The portable Chartholder and Table is also fitted with flexible grab handles on two of its edges. This is illustrated in FIG. 1 and FIG. 2. These flexible grab handles are secured by having the manually operable securing and release mechanisms pass through loops at the outermost end of each such flexible grab handle. The loops on the ends of the flexible grab handles fit onto the viewing surfaces over the holes in the viewing surface through which pass the securing and release mechanisms. The slip resistent supporting and cushioning devices fit over the aforementioned end loops on the grab handles, and the securing and release mechanisms pass through these loops, after passing through the holes in the centers of the supporting and cushioning devices and through the holes in the viewing surfaces. FIG. 4 illustrates the relationship between the component parts herein mentioned and shows the flexible grab handles as described. These grab handles facilitate grabbing, lifting, moving and carrying the invention about. They also allow for decorative storage of the Portable Chartholder and Table by allowing it to be hung in picture fashion horizontally on any bulkhead, wall, or other horizontal surface.
The distinguishing features of the Portable Chart-holder and Table herein described include, but are not limited to the following features and characteristics:
The rigid, transparent, viewing surfaces of the invention allow charts and other graphic material to be held perfectly flat and immovable. This allows a true distortion free view of the material secured between the viewing surfaces. Because both viewing surfaces are transparent, maximum exposure of the charts or other materials is possible. Moreover, since most charts are printed on both sides, the invention allows the user to view both sides of a single chart without having to remove the chart and turn it over. All the user need do is to turn the entire invention over to expose to view the opposite side of the material secured between the two viewing surfaces. The nature of the viewing surfaces also allows the plotting and charting of courses and distances right on the viewing surfaces, making unnecessary repeated marking and erasing of the charts themselves. The viewing surfaces may be marked with a standard china marker or grease pencil, which markings are removable from the viewing surfaces by means of a normal paper towel or tissue or any ordinary piece of cloth. The Chart surfaces also provide protection for charts secured between them from damage or distortion which might be caused by wind, water, or other elements.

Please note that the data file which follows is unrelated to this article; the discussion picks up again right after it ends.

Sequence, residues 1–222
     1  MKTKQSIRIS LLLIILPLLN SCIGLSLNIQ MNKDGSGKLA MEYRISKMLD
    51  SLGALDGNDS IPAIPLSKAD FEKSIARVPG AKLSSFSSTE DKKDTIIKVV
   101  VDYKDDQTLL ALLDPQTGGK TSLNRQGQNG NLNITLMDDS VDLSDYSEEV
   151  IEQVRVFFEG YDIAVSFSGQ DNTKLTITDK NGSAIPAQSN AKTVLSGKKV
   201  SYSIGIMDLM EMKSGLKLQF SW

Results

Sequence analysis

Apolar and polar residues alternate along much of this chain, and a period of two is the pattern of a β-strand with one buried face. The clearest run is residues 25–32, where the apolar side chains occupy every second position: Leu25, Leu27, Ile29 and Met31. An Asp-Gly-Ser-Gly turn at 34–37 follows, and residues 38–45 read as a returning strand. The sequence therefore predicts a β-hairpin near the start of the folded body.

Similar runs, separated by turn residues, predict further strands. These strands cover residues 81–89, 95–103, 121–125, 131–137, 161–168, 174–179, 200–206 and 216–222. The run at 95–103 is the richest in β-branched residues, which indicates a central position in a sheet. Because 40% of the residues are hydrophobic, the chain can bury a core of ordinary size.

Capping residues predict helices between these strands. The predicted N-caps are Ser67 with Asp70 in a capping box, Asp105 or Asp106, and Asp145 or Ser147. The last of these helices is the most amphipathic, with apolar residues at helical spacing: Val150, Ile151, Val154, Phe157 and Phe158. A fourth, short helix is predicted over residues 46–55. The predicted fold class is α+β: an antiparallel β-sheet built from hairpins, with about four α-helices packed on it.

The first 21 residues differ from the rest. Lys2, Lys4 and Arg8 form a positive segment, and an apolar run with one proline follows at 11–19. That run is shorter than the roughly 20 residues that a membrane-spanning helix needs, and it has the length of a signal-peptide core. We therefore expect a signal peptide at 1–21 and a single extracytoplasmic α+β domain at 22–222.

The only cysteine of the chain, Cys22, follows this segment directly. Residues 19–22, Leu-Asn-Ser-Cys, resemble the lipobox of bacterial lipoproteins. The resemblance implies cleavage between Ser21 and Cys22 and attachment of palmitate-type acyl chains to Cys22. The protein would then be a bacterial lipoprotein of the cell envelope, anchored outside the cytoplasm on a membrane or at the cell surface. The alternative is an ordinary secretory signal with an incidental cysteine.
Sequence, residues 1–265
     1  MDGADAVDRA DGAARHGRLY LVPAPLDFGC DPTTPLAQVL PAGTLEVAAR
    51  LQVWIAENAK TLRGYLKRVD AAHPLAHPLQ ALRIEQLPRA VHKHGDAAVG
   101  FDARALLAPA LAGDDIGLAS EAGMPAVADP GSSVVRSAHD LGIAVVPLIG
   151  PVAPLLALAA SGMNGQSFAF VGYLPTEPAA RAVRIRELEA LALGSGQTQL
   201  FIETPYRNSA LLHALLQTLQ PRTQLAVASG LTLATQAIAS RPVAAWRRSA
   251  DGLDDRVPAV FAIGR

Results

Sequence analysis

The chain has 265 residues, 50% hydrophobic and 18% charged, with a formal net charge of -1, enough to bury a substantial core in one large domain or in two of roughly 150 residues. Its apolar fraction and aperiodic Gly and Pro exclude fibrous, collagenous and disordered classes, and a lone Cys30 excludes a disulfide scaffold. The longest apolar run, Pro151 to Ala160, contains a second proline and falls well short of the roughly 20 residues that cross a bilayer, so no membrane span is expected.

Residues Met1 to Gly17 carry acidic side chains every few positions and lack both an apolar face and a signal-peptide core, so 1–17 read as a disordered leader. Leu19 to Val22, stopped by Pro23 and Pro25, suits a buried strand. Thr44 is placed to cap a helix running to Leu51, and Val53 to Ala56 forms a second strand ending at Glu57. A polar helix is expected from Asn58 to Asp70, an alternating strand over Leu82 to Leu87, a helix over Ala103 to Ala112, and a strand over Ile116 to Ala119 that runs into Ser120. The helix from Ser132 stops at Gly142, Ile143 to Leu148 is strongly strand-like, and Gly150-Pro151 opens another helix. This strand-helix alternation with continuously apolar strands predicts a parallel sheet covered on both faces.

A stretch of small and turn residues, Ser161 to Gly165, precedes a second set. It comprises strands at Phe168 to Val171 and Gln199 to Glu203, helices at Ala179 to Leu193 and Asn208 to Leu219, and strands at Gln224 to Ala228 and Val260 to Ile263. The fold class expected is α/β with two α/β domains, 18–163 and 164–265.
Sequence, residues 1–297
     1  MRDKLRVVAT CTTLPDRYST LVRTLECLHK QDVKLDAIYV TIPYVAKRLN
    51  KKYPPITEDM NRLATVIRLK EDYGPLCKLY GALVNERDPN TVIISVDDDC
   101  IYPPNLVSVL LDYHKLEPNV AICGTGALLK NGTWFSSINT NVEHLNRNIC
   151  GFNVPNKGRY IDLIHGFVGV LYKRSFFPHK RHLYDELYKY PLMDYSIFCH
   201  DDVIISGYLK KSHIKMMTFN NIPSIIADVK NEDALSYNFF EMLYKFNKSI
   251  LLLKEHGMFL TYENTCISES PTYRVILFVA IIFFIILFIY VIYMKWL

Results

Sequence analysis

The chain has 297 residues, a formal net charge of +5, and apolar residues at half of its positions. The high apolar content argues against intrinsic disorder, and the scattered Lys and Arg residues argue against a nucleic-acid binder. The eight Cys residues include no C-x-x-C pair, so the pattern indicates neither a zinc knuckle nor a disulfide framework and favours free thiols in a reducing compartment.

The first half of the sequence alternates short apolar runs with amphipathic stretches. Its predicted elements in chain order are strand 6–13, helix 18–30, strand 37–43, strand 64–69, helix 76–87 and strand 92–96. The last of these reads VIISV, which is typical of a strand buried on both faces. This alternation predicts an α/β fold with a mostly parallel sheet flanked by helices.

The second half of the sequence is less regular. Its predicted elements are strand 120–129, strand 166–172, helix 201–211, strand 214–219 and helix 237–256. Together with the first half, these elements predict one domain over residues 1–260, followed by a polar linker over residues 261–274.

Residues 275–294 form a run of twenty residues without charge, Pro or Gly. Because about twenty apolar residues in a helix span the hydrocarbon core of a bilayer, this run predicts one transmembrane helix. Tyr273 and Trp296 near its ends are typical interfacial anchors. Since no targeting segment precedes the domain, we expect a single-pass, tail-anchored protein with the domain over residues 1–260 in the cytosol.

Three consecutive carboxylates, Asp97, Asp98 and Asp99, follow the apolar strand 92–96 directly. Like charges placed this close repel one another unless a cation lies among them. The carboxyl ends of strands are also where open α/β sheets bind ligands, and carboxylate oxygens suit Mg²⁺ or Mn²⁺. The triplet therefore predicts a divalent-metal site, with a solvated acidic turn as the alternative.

A unique feature of the invention is that it has on its perimeter cushioning and supporting devices which protect against breakage of the invention's own component parts, as well as protect other objects and surfaces from being marred, scratched, cracked, or broken by the invention. Therefore, if the invention is tossed about in heavy weather in a boat or in an aircraft, or is dropped by the user, the invention itself is protected against damage, and the parts of the boat or aircraft with which the invention comes into contact will not be marred or damaged by it. The cushioning and supporting devices also prevent the component parts of the invention from marring any other horizontal plane surface, such as a table top or a stationary chart table on which the invention might be used. The cushioning and supporting devices when used in that way also provide substantial slip resistence, so that the invention will not easily slip from any stationary chart table, cockpit seat, or any horizontal plane on which it is placed for use.